Following a member Helpline request, Tai Pawb put POBL in contact with Victim Support Cymru (VSC). After gaining a better understanding of what Victim Support Cymru did and how they could support their teams and customers when working with people experiencing hate crime, POBL invited VSC to a POBL Knowledge Showcase session for POBL staff.  This was a really useful session and provided POBL teams with more tools to help them when they are supporting people who are experiencing hate crime.

POBL have recently signed up to the Victim Support Cymru Hate Crime Charter and are now working with VSC to secure the trust mark. POBL are also developing some toolbox talks for maintenance teams which will focus on educating teams on how to recognise possible red flags and signs of hate crime when they are working out in communities and in customers’ homes and what they should do if they suspect someone may be a victim of hate crime.  In the future, this training will be extended to POBL’s customer services teams.


In Hate Crime Awareness week, POBL produced information about hate crime each day on their internal platform for colleagues to see.  POBL are determined to keep developing what they have put in place and what they do to tackle hate crime and support people who are experiencing hate crime, through this.

POBL are also looking at the Zoteria app to see if this would benefit colleagues and customers.  The app has been developed by the Vodafone Foundation in partnership with Stonewall and Galop, Zoteria has been designed to tackle hate incidents against our community. The app also provides information on upcoming events, offers advice and support around a number of areas such as housing, mental health and sexual health.  POBL will shortly be looking at getting this rolled out to colleagues across POBL.

If you want to find out more, then contact info@taipawb.org




It is important to regularly train staff on hate incidents and hate crime. We would recommend refreshers every three years with priority given to customer facing and contact staff or contractors.

Training should include procedures specific to each organisation (e.g. recording, reporting etc.).

Training can be obtained from:


Our Deeds not Words surveys and member engagement have  shown that housing staff can be subjected to discrimination or even hate incidents. Staff highlighted that at times they find it difficult to challenge hate related comments or behaviours (when it is safe to do so) for various reasons, including breakdown in relationships with tenants or clients. Tai Pawb delivers training on how to challenge discriminatory behaviour (when it is safe to do so):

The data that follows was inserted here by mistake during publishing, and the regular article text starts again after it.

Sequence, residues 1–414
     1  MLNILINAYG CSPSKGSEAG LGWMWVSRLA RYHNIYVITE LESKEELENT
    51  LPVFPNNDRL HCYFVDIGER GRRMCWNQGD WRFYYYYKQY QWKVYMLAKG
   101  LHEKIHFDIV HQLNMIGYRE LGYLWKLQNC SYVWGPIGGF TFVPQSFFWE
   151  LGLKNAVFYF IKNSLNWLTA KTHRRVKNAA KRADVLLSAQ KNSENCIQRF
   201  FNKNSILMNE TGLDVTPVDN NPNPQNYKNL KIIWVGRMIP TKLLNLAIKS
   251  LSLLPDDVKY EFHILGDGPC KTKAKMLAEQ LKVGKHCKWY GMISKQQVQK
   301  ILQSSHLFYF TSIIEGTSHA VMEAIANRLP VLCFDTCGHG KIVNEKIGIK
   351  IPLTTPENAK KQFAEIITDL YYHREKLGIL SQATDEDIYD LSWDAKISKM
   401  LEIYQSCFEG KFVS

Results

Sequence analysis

In Wales, there is a pressing need to shift the emphasis from intervention to prevention when addressing the rising tensions and worsening community relations. These issues are often fuelled by various factors, such as negative media coverage of topics like immigration, poverty, social housing, and disability. To proactively address this challenge, housing organisations can adopt strategies outlined in ASB Forum Wales: Tackling Hate Incidents Toolkit which include:

Zero Tolerance Policy: Develop and enforce a strict zero-tolerance policy against hate crimes. Housing associations should clearly communicate the consequences for engaging in hate crimes or discriminatory behaviour. This policy should be upheld consistently.

Customer Profiling: Start by conducting customer profiling to assess the unique support needs of tenants and tailor services accordingly. This approach allows to identify vulnerable individuals and provide the necessary support to prevent hate incidents.

Monitoring Demographic Changes: Continuously monitor demographic changes within tenant communities. This understanding helps in addressing evolving needs and challenges effectively.

Profiling Perpetrators: Profile individuals who have a history of engaging in hate crimes. Allocate resources to address their behaviour and take preventive measures to stop further incidents.

Community Cohesion Initiatives: Develop and support community cohesion initiatives that foster positive relationships among tenants from diverse backgrounds. This may include organising events that encourage interaction, dialogue, and understanding.